DIFFER presented its Fusion Road Show science demos to over 700 visitors of the ITER open doors day on 26 May 2018. This special 15 minute edition of the science theatre show was designed as a memorable introduction into plasmas and fusion reactors. A great addition to the site tour, say both visitors and ITER staff.
In walking distance of the world's most advanced fusion experiment ever, a crowd of people is looking at a humming microwave oven. There's no food inside. And with the soot being produced as a side-effect, you wouldn't want to cook in this microwave ever again after science communicator Gieljan de Vries is done with it. "Don't try this at home" applies. After setting a wooden toothpick on fire, he has just produced a glowing ball of plasma in the microwave and captured it inside a pyrex beaker.
The microwave experiment is only of the live demo's that make up DIFFER's Fusion Road Show presentation for high schools and other audiences. The show's presenter explores the why and how of fusion energy and shows the audience how the basic principles in the show's experiments come back in the design of future fusion power plants. The Fusion Road Show was developed at DIFFER in 1999 and has reached tens of thousands with its engaging explanation of fusion energy.
The humming microwave plasma in its pyrex container is a cartoon of a fusion reactor, explains De Vries to his audience: "We're showing that you can heat a plasma from a distance using microwaves." With the audience still craning their necks to see the plasma discharge, he shuts down the experiment. "Even this discharge in a simple microwave oven can reach a temperature over 1000 degrees centigrade. Obviously, pyrex can't handle that kind of punishment for long, let alone ordinary glass. What material could? Or do we need to look at a different approach to build a fusion reactor?"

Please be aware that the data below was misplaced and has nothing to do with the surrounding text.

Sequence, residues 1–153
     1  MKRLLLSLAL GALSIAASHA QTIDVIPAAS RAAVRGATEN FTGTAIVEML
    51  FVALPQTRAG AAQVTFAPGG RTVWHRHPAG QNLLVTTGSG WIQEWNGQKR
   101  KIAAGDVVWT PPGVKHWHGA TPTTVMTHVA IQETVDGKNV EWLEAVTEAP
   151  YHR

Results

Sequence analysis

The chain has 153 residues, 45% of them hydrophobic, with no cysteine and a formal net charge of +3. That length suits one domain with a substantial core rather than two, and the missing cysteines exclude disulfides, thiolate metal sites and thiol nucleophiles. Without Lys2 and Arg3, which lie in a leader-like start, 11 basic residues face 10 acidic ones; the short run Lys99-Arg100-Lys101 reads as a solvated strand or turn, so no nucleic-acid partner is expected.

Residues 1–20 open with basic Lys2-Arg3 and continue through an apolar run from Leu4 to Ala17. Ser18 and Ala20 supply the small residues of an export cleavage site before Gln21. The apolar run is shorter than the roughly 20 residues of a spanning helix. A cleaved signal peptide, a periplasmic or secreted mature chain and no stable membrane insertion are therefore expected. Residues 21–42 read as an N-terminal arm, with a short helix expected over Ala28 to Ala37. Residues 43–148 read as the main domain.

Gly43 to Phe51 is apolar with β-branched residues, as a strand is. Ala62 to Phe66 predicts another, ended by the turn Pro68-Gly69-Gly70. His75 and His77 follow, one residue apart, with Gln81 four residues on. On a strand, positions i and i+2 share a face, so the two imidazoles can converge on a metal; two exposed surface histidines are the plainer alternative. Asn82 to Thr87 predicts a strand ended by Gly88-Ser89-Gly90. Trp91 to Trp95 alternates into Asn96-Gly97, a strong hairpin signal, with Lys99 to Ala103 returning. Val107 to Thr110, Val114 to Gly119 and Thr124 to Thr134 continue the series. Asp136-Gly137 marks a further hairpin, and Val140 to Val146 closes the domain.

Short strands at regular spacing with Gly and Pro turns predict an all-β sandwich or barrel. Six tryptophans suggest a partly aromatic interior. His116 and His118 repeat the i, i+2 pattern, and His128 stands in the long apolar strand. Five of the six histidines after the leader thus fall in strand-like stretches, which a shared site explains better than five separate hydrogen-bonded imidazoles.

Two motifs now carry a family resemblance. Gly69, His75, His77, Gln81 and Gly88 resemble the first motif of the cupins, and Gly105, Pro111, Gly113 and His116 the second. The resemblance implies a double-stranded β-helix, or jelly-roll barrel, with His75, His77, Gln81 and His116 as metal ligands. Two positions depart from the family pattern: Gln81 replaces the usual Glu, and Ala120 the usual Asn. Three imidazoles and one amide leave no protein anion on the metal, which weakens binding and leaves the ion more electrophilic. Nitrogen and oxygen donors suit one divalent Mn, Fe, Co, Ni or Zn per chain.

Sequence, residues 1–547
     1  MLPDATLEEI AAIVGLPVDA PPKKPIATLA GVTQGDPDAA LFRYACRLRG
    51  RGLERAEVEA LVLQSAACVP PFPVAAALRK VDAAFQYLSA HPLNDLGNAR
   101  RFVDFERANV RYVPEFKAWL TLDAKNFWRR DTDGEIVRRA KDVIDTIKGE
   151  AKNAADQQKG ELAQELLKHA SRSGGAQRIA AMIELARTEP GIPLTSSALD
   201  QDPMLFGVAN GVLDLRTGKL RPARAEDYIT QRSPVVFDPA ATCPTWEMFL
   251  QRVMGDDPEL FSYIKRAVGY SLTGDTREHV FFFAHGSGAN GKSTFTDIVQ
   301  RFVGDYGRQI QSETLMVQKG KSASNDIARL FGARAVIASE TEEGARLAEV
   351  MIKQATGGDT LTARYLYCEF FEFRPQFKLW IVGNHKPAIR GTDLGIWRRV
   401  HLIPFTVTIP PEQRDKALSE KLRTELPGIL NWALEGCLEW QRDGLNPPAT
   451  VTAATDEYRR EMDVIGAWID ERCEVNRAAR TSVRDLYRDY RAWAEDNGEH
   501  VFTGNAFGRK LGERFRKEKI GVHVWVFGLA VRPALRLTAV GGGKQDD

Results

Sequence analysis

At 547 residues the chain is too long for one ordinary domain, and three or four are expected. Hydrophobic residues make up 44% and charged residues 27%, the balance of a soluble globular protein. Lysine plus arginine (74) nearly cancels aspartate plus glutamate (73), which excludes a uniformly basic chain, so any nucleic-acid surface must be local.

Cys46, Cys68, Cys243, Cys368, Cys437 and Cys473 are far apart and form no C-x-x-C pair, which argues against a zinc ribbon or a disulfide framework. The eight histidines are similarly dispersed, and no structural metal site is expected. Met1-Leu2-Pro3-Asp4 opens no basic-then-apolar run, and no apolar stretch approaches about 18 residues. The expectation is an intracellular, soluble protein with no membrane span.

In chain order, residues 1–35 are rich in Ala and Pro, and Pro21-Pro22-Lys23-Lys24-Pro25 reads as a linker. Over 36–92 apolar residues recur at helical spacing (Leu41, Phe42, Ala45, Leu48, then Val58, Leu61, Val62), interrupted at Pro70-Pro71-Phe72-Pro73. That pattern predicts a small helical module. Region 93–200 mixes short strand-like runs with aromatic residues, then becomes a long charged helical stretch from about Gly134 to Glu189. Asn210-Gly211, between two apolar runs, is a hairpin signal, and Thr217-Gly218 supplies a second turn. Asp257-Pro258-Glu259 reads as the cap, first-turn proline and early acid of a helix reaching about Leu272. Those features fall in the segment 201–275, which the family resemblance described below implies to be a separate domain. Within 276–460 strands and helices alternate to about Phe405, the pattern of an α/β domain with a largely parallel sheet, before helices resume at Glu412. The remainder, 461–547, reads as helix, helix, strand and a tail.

Out come more science demos about magnetic levitation, with as grand finale an experiment that shows how a glow discharge plasma responds to the field from a strong handheld magnet. "There you have it: we can shape plasmas with magnetic fields and keep them away from our reactor walls."
Introduction to the ITER site tour
The Fusion Road Show intentionally uses very common tools and materials to explain the principles of fusion reactors, says De Vries. "We've found that these basic tools draw the audience into the story; they're often more amazed seeing a plasma in a common microwave than in our custom built setup."
After the Fusion Road Show's lightning intro to fusion, the ITER open doors day offered its visitors a tour of the enormous Assembly Hall in which the components of ITER will be put together. For the first time ever, the open doors day offered the opportunity to step inside the concrete bioshield that will house the world's most advanced fusion experiment ever. Their consistent response: amazement at the scale of the tokamak reactor, and great appreciation for the chance to discuss how ITER will demonstrate the technical feasibility of fusion energy.